By OLUSHOLA BELLO, Lagos –
Currently in 15 African countries, Dangote Cement is gradually closing in the demand and supply gap of cement in Africa as the construction material industry witnesses dramatic turnaround.
The turnaround is expected to throw the continent into the realm of self-sufficiency in cement. Besides meeting the prevailing demand in the construction industry, the revolution is saving the continent huge foreign exchange on importation, as well as boosting employment opportunities.
As part of Dangote Cement’s quest to propel Africa towards achieving self-sufficiency in cement production, the company has established presence in 15 countries: Nigeria, Cameroon, Congo, Cote d’Ivoire, Ghana, Liberia, Senegal, Sierra Leone, Ethiopia, Kenya, South Africa, Tanzania, Zambia, Niger and Mali.
For Africa, a continent, which faces severe infrastructural deficits, the need for local self-sufficiency in cement production cannot be over-emphasised as this will help in bridging the infrastructure deficit and contribute to accelerating the development of the continent.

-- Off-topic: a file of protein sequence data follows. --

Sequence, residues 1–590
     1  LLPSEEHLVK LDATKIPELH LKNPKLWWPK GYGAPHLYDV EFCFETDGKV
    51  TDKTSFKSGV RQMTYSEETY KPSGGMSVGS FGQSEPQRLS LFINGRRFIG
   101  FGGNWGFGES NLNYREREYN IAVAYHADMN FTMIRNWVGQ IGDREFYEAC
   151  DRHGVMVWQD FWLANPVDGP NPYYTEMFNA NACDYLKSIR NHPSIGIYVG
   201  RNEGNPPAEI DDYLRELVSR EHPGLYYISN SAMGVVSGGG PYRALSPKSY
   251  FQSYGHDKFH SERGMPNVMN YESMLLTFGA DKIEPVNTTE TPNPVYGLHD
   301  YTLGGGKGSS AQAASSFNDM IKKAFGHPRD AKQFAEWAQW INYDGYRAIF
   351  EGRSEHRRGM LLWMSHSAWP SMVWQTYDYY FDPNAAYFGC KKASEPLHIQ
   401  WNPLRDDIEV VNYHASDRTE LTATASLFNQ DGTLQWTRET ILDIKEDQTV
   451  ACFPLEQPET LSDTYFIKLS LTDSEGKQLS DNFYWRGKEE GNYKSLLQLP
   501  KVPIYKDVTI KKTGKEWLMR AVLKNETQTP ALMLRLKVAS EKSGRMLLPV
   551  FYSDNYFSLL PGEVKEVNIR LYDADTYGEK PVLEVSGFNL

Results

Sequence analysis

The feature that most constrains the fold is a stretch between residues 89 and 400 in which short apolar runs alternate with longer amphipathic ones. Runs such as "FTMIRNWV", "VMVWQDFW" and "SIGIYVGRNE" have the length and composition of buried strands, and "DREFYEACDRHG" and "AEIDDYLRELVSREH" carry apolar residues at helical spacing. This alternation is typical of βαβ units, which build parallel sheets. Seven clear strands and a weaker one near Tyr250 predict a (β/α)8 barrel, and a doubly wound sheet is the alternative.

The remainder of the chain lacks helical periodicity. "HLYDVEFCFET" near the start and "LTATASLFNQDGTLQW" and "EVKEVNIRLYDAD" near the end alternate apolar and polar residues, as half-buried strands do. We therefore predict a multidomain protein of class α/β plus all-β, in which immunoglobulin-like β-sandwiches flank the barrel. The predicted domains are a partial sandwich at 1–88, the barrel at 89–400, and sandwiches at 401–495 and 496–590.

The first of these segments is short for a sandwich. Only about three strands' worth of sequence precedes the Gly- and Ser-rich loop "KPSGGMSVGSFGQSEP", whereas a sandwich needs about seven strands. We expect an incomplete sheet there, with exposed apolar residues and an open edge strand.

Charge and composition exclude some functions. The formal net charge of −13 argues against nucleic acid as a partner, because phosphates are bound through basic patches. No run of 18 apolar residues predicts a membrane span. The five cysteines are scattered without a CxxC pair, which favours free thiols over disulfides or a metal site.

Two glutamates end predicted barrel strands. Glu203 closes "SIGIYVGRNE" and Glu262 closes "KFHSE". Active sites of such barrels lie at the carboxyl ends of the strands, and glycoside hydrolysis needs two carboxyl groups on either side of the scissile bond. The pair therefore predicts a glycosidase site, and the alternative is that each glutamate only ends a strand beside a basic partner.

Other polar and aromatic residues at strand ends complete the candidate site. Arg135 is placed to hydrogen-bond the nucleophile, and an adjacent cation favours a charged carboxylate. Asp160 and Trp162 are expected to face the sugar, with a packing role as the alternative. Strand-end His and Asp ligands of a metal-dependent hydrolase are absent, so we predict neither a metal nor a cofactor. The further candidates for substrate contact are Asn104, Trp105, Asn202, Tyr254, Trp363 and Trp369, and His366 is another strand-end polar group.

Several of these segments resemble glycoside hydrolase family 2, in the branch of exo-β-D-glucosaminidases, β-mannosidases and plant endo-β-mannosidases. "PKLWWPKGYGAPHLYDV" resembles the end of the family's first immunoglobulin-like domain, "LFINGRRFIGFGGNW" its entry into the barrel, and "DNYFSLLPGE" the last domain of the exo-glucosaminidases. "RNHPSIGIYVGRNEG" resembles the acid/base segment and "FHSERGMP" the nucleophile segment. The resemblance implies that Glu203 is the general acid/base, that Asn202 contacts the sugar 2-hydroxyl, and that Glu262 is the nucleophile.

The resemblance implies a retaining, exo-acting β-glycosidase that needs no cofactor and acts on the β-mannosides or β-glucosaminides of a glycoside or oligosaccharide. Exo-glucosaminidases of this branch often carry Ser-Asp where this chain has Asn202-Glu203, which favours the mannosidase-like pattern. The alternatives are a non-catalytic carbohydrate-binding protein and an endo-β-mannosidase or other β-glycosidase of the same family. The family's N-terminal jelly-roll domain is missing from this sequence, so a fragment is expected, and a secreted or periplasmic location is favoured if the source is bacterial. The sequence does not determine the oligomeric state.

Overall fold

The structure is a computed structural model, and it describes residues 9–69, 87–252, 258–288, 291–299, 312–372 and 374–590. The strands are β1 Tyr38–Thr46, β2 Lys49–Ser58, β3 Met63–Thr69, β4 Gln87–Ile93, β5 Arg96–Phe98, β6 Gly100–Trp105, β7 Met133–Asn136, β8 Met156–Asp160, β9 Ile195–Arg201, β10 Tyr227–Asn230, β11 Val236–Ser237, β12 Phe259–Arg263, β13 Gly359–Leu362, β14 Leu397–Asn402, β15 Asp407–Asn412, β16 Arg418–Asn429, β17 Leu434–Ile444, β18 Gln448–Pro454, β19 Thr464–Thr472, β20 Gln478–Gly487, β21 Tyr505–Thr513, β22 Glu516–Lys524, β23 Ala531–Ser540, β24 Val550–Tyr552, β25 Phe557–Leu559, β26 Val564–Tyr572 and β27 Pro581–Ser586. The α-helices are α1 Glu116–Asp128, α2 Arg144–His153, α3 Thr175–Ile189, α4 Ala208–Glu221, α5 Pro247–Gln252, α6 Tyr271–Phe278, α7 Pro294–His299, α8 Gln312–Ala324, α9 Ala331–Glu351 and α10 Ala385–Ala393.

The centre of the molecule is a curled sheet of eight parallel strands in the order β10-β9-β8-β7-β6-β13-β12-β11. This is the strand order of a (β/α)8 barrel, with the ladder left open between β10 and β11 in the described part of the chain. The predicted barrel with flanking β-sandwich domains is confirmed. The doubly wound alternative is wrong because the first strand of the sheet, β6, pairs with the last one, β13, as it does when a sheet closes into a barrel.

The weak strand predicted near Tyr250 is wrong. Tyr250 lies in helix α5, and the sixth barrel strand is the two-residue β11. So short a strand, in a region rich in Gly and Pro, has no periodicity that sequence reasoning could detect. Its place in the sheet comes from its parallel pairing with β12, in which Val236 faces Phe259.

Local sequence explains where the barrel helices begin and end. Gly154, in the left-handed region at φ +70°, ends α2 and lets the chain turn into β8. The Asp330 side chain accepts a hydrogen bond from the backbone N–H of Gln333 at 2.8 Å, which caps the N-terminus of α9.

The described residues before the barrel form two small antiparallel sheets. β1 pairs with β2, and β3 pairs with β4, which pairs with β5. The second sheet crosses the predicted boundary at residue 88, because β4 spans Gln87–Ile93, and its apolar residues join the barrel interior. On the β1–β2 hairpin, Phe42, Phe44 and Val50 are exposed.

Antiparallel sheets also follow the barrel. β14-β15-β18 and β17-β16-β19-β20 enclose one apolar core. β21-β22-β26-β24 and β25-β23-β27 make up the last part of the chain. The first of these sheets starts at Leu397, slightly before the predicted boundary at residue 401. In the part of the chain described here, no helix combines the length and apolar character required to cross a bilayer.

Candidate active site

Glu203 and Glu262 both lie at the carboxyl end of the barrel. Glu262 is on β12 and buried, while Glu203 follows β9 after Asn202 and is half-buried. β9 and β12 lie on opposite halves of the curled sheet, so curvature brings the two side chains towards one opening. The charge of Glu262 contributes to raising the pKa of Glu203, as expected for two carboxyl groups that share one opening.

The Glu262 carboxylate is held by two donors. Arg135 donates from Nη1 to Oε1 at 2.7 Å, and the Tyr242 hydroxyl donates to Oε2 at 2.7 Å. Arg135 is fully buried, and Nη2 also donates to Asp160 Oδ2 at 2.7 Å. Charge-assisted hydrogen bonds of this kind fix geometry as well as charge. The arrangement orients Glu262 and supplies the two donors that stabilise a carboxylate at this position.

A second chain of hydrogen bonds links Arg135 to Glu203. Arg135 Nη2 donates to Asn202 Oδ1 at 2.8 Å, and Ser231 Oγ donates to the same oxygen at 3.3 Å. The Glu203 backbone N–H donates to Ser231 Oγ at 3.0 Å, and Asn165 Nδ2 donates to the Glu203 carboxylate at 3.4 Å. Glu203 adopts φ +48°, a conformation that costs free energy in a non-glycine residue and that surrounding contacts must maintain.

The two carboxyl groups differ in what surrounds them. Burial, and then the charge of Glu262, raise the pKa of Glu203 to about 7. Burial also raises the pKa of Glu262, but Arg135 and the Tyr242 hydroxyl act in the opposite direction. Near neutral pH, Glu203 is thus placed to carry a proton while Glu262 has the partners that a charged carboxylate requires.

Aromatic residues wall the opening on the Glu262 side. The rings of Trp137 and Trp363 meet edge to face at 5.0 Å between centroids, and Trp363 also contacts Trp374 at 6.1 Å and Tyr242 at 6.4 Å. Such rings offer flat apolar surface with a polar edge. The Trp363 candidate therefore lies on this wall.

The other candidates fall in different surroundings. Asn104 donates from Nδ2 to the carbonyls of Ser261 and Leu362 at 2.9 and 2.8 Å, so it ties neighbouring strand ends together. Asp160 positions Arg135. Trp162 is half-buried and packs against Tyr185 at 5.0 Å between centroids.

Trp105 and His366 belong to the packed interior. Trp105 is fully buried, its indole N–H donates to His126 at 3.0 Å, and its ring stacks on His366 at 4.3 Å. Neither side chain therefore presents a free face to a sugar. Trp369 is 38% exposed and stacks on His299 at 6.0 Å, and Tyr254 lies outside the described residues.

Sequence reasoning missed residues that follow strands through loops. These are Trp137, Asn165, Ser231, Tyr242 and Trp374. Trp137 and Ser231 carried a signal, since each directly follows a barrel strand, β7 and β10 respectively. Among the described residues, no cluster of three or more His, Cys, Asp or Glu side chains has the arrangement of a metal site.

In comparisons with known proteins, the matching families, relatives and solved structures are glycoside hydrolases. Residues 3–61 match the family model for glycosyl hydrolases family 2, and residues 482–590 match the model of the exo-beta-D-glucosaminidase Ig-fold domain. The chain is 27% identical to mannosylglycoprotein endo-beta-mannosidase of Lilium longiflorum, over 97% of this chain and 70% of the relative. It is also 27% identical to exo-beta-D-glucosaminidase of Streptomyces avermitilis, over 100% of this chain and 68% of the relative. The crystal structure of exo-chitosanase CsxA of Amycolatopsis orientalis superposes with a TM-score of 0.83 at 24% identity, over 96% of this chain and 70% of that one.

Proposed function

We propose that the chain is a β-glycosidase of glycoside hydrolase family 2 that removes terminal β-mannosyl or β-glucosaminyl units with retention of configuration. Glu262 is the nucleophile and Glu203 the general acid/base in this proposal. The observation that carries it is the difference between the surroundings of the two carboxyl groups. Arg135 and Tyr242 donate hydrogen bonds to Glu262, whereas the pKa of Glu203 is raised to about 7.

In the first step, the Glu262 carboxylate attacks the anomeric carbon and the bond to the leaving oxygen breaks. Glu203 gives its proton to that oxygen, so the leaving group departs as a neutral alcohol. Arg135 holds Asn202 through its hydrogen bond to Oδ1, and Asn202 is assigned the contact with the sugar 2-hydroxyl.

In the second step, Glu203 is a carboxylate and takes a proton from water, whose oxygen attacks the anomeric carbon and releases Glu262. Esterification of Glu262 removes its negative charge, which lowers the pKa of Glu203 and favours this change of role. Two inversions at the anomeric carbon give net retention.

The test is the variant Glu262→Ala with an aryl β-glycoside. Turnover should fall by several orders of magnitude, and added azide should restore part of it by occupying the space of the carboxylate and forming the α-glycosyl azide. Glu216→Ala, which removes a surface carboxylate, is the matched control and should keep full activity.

The production and consumption of cement is linked to infrastructure development and the growth of economies. The World Population Bureau estimates that the population of Africa will rise from 1.1 billion in 2013 to 2.4 billion in 2050. This means that most of the continent’s economies will have to double in size in the next 36 years.
If that is to happen, then the stock of Africa’s infrastructure assets, including all of its residential, industrial and commercial buildings and power, transport and sanitation systems, will have to double in size.
This will require unthinkable amount of cement, building materials, construction planning, manpower, products and services to accomplish such a momentous task. And, for this reason, investing in cement industry will revive the infrastructure, which will provide the platform for the strong economic growth.
Africa is blessed with natural resources among which are limestone an ingredient for the production of cement, and it is time Africa focued on using its various resources to drive domestic industrialization.